How Miami is re-embracing its modernist architecture
From National Geographic: Biscayne Boulevard stretches out in a swirl of palm trees and pastels. Mid-century motels are painted in apricot, sky blue and ballet-slipper pink, while winking neon signs promise air conditioning and vacancies. Towering above them is the 35-foot Coppertone sign, showing a pigtailed girl and shaggy spaniel. A rainbow flag flies outside Jimmy’s Eastside Diner.
I’m in the heart of Miami’s MiMo District — ‘MiMo’ being an abbreviation of ‘Miami Modernist’ — and it’s a veritable time warp. The protected cluster of Miami Modern buildings, distinctive for their playful angles, bright colours and patterned railings, swoops along Biscayne Boulevard, extending roughly from 50th to 79th Street. It catapults you right back to the 1950s, and at the heart of it all is the Vagabond Hotel.
“This used to be the centre of the Magic City,” says May Mallouh, general manager at the hotel. “It’s what made Miami, Miami. And this specific hotel was the gem of the boulevard.”
Famed Hampton House in Brownsville gets historic designation
From Local 10 News: MIAMI – A South Florida landmark has been honored with a very important designation.
The Hampton House Motel was notified last week by the State of Florida and Federal Government that it had been added to the National Register of Historic Places.
Segregation in the 1960′s made the Hampton House a popular designation for traveling celebrities, athletes and black leaders like Dr. Martin Luther King, Jr., Malcolm X, Muhammad Ali, Joe Louis, Althea Gibson and Jackie Robinson.
‘Hood Century’: How One Man Is Redefining Midcentury Modern Architecture
From The New York Times: In 1928, a Black congregation in Cincinnati bought a German Gothic brick structure originally built in 1865 as a synagogue. Revelation Missionary Baptist Church, as they called it, was later led by the civil rights leader Fred L. Shuttlesworth and welcomed the Rev. Martin Luther King Jr. when he visited.
The congregation updated the building with a modern addition in the 1970s, giving the church an aesthetic that came to symbolize Black progress in urban centers in the wake of the Civil Rights Movement. But in 2019, that alteration was cited as a reason the church could not receive a designation as a historic site, paving the way for the building to be torn down in 2019 to help make way for a soccer stadium.
The destruction deeply hurt Jerald Cooper, 39, who grew up in Cincinnati and still lives near the site of the church. “The modern addition was everything to me,” he said.” It was the best indoor-outdoor to me in the little courtyard. It was a safe place. It was our event center. It was where all my memories live.”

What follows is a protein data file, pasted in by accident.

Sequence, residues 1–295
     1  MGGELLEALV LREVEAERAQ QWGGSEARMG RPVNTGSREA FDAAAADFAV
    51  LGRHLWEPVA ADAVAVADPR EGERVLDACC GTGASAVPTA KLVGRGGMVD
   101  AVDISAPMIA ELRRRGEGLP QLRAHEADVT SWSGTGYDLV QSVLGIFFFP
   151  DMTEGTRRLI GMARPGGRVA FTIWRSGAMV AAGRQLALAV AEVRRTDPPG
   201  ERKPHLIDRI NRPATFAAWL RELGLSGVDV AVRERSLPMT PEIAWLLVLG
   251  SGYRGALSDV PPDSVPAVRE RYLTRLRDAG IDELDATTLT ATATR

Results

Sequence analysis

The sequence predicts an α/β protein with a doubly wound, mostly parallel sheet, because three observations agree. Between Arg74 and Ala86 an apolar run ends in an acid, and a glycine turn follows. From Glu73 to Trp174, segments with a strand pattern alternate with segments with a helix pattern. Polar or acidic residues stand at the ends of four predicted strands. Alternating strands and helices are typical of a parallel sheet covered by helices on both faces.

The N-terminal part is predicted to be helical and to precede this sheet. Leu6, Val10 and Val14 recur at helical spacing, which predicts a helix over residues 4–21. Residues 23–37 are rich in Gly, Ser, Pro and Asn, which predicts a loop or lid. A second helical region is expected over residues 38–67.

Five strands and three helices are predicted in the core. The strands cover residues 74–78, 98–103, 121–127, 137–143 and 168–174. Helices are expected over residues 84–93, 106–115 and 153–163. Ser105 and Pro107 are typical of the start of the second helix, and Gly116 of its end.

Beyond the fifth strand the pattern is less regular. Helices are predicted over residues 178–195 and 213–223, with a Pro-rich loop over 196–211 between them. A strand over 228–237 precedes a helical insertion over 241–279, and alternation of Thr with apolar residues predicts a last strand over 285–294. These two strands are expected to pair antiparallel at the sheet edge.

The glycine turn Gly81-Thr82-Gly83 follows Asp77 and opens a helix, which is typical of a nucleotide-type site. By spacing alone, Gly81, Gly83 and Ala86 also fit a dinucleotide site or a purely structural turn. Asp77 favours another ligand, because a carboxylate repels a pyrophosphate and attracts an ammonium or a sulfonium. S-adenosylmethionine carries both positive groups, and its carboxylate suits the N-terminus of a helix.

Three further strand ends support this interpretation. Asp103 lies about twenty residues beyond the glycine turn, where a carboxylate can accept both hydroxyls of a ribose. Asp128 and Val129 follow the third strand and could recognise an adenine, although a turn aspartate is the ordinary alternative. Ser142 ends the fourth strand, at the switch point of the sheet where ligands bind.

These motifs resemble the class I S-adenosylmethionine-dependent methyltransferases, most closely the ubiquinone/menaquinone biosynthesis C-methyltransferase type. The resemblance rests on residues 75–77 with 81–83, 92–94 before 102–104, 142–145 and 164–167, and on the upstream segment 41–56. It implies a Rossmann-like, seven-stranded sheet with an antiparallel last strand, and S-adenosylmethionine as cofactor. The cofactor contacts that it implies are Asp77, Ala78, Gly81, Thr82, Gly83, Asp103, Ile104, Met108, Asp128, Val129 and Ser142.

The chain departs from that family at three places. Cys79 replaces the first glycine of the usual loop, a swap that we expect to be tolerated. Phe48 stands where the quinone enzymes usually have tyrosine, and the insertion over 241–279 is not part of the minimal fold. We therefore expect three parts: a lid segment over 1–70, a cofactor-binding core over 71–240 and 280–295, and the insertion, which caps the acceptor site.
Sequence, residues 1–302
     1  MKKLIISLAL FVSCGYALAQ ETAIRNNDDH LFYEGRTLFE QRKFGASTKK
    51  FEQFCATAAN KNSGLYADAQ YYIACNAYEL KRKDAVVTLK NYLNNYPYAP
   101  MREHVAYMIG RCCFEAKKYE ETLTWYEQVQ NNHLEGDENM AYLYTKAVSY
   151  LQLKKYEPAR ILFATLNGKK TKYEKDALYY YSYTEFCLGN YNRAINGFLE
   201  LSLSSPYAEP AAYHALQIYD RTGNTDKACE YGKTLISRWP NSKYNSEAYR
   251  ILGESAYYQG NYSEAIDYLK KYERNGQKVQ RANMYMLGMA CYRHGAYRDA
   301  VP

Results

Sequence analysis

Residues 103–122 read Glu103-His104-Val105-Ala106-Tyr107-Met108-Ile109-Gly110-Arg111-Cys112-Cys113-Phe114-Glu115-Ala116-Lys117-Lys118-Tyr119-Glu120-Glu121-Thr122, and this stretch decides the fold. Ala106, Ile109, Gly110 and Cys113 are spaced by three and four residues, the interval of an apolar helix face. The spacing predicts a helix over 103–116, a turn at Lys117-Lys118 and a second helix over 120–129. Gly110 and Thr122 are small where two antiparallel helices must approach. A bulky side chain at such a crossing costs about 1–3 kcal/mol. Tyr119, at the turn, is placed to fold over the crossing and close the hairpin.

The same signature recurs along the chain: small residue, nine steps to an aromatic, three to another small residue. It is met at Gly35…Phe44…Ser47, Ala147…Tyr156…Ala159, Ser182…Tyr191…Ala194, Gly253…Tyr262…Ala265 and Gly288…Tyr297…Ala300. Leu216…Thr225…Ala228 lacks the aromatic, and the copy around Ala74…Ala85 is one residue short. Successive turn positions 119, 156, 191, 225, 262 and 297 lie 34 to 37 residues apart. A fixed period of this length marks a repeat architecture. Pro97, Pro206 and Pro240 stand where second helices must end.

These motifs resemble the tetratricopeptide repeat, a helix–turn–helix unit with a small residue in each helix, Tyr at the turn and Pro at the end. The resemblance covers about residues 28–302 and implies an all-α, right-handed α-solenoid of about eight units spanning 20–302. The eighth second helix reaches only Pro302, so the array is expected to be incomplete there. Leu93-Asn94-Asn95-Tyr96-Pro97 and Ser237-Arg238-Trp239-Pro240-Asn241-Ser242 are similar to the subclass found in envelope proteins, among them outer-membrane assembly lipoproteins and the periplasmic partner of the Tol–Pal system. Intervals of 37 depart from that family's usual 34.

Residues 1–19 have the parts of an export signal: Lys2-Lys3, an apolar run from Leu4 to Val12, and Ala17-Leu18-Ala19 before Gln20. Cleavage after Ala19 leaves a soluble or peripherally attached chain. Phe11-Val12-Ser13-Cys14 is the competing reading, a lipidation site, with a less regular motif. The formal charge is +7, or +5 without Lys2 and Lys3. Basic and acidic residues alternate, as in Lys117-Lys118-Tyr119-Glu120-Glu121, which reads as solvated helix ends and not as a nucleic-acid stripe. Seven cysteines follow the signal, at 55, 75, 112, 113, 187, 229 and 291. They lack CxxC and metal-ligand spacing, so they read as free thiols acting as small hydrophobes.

Desert Modernism: Warm Up With These Cool Events
From Midwest Home: Tired of the cold and snow? It’s time to heat things up with a trip to the desert and experience the coolest design festivals on earth. We’re talking Modernism, of course.
From Feb. 16 to 26, the town of Palm Springs opens its doors for the annual 11-day festival, Modernism Week, and tickets are available now. In addition to musical performances, presentations on landscape architecture, car shows, color consultations, bus tours, and opening weekend parties, this year’s activities also include a presentation on “The Modern Architectural Movement Chronicled – Photographer G. E. Kidder Smith”; Googie Modern Architecture with Alan Hess and “Googie” Film Sneak Peek!; the talk The Modern Utopia: Why the Southern California Desert? by Leo Marmol, FAIA; and Black Leaders of Leisure in Southern California during the Jim Crow Era: The Implications of their Stories Today, presented by historian Alison Rose Jefferson.
Saving a historic Sweet Auburn sidewalk sign
From Saporta Report: When preservationists talk about saving Auburn Avenue, we know they really mean the surviving buildings that tell the neighborhood’s history as an epicenter for African American business and cultural life under segregation.
But the latest effort is a call to preserve an actual part of the pavement: a tile sign for the long-gone Gate City Drug Store embedded in the sidewalk at Auburn and Jesse Hill Jr. Drive that has somehow survived largely intact after more than a century.
Historic Night and Day Café Neon Sign Shines Brightly Again
From The Coronado Times: It’s bright and beckoning and back to its former glory, like the 1954 historical beacon on Orange Avenue, lighting up Night & Day Café. The fascinating history starts in 1929 as the Night and Day Market where the current Wells Fargo building stands on Orange Avenue, just down the street from the cafe’s current location. It then moved to 841 Orange Avenue as the D and D Market until it landed in its current location at 847 Orange Avenue in 1954.
Coronado old-timers may remember Paul Zeller, who operated, cooked, and managed the cafe serving up hearty breakfasts, burgers and comfort food. In 1996, Mario Esquer, who worked as a manager for The Brigantine, went into silent partnership with his brother Hector to take over Night & Day Café. At the time, it was open 24 hours a day, seven days a week, and was your classic “hole in the wall” diner, frequented by both military and locals after the bars closed. Jody Esquer remembers that the three-egg special and the “garbage omelet” (which is no longer on the menu but is under consideration to be brought back) were very popular menu items in that era.